The cold and a small contingent of protesters couldn’t dim the spirits of revelers who gathered above the Fairmount Fish Ladder on the banks of the Schuylkill River to celebrate the lighting of the sixth “candle” on Boathouse Row’s first-ever Chanukah “menorah” Dec. 29.
Those revelers included representatives from the office of Mayor Jim Kenney, the city’s Commission on Parks and Recreation, the Schuylkill Navy, the Jewish Federation of Greater Philadelphia and the Jewish Exponent.
After speeches extolling the message of inclusivity and hope symbolized by each of the rowing houses being illuminated for each night of Chanukah, some of the more than 50-strong crowd huddled around Kenney and Beth David Reform Congregation’s Cantor Lauren Levy, who recited the traditional blessings over a menorah and sang several songs emblematic of the Festival of Lights. Celebrants then made their way to one of the rowing clubs to continue the festivities indoors.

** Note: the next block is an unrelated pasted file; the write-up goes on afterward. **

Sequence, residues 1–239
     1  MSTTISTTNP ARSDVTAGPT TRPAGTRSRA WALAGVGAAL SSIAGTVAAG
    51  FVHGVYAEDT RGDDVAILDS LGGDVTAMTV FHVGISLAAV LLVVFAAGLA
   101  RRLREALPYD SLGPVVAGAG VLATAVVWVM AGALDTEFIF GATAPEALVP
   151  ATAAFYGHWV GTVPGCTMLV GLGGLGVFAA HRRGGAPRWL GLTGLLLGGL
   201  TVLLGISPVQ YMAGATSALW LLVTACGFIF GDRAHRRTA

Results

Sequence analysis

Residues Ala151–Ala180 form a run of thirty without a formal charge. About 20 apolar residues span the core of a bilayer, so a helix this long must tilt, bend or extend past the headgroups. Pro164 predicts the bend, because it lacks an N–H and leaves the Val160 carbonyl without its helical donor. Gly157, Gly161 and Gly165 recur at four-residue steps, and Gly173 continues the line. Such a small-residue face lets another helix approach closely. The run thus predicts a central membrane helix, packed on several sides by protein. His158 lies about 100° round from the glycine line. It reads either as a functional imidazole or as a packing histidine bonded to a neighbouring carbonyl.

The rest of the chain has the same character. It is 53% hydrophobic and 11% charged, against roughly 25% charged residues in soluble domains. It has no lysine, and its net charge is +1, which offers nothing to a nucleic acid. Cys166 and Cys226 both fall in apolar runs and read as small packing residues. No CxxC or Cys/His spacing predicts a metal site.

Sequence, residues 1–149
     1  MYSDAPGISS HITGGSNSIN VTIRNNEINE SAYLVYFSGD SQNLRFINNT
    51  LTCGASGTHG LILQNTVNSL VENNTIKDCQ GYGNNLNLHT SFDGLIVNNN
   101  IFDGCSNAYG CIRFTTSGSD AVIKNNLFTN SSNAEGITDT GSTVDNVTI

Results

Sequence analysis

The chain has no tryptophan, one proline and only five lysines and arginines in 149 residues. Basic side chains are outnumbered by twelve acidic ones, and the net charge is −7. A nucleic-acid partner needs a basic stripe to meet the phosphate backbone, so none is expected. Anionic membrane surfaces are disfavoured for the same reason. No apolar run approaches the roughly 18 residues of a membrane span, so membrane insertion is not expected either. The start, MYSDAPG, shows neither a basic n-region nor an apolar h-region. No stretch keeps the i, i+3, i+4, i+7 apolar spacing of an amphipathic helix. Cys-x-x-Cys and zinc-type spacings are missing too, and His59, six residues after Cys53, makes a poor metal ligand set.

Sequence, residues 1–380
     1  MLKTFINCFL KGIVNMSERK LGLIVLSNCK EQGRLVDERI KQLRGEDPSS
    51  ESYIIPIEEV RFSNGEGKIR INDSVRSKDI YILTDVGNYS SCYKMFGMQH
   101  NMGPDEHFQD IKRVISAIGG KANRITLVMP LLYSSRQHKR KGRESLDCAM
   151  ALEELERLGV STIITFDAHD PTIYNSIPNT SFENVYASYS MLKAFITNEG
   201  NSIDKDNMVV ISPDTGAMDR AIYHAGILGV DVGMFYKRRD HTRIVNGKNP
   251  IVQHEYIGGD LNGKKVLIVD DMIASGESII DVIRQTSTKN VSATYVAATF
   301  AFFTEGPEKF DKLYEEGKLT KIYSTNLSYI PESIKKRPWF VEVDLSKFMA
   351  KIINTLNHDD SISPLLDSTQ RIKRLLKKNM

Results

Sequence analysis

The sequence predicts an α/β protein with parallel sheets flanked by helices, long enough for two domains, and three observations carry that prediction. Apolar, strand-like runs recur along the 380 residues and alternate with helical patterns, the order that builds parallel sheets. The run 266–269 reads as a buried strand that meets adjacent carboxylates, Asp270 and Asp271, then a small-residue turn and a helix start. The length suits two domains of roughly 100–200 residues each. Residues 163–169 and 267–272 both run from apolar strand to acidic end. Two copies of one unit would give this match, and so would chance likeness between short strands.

Bonnie Mueller, secretary of the Schuylkill Navy, explained that the concept for the menorah, in which each of the boathouses was draped in blue light, while the central one — bathed in white — served as the shamash, was made possible by a reinstallation of LED lights as part of preparations for the Democratic National Convention.
Parks and Recreation Commissioner Kathryn Ott Lovell credited a non-Jewish member of her staff with coming up with the idea of turning the historic site into a menorah.
Lovell said she then called Tony Schneider, founder of Philadelphia City Rowing and a member of the Jewish Federation’s board of directors, who provided a “crash course” in Chanukah customs.
Looking across the river at the glistening buildings, Mueller remarked, “To us as rowers, it’s a reminder of how iconic and meaningful Boathouse Row is.”
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